“The Thrill of Victory and the Agony of Defeat!”
Even today, every time I turn on the TV to watch a sporting event, those words echo like a ghost through the inevitable pre-show. Iconic and truthful, they summon images of teams leaping over each other in joy and the tears shed when the worst possible scenario occurs. It is why we watch sports. Through the images and words provided by the broadcast, we live vicariously as curious bystanders, wishing we were the competitors.
Jim McKay, the longtime ABC sports commentator known for his work as a reporter in every facet of the sporting world, passed away this weekend at the age of 86. While I acknowledge my sorrow at the news of his passing, I realize that there is now a generation of fans who are mostly unaware of what Jim McKay did for sport.
Before ESPN, TNT, FOX Sports Network and the various regional cable sports networks there were the Big 3; ABC, NBC and CBS competed to fill the airways with a variety of programming. They searched the globe for a random selection of news, drama and sports, ensuring that any viewer watching their network would find something of merit on the black & white portal to the universe. This required great flexibility and knowledge on the part of reporters and commentators. This was the generation of Jim McKay.
Through his weekly showcase, he showed this child of the 1970s the thrill of the Indy 500 and the beauty of a thoroughbred horse running the Kentucky Derby. His voice brought excitement and fascination to the endless sports encompassed by the Olympics. Seated on the carpet in my living room, I traveled with him to the Alps to watch the Giant Slalom, to the high Mexican cliffs where divers dared to tempt fate, and to ice rinks graced by figure skaters.
Perhaps he was not the expert provided for the particular event, the one who understands the technical aspects attributed to each sport, but it was his enthusiasm and insightful commentary that kept me glued to the set, and drew me back every week for ABC’s Wide World of Sports.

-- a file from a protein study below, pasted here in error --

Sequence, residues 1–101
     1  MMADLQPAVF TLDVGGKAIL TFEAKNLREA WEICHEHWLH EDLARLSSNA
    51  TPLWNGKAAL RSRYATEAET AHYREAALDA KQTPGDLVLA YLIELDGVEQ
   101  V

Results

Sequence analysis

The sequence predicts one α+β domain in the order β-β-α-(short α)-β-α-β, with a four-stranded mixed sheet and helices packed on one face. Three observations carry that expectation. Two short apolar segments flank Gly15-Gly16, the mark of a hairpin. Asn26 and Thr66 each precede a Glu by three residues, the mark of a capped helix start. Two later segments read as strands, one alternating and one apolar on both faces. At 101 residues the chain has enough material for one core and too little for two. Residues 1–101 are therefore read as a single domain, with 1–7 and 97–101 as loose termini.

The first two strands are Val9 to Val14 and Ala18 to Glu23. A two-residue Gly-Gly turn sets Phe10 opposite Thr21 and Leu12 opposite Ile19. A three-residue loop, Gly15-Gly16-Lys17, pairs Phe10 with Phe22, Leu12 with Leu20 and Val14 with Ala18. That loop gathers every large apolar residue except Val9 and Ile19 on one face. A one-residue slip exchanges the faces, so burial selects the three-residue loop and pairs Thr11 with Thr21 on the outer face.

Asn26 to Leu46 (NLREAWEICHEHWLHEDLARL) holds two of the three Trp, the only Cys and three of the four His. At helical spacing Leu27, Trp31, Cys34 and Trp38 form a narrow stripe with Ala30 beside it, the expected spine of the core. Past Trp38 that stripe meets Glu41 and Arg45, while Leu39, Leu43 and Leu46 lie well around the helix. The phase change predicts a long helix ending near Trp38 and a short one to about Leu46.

He taught me to look for the other story, the underdog, the team that wouldn’t win the event but would win the adoration of the crowd. Most of all, he shared with his audience the thrill of being there, of involving yourself in the world around you and urging others to do the same.
His is now a voice of the past, one that is not likely to rise again in our society of specialization and expertise. Gone are the days of exploration and discovery. We look to the SpeedTV for NASCAR and MLB Extra Innings for baseball. Our days are filled with divining the stats for our fantasy leagues and priding ourselves on in-depth knowledge of our corner of the planet. With 24/7 opportunities to remain buried in our selected sport, we lose the chance to search for options and open our minds to something new.
Jim McKay left us with a legacy, those nine words. They apply to every sporting event across the world. They exclude nobody and encompass every emotional facet. They are truth.
And thus, I will continue to surf all the sports channels in search of a new sport and new excitement—just as I learned to all those years ago. Thank you, Mr. McKay. I shall not forget you.
About the author
The Frontstretch Staff is made up of a group of talented men and women spread out all over the United States and Canada. Residing in 15 states throughout the country, plus Ontario, and widely ranging in age, the staff showcases a wide variety of diverse opinions that will keep you coming back for more week in and week out.
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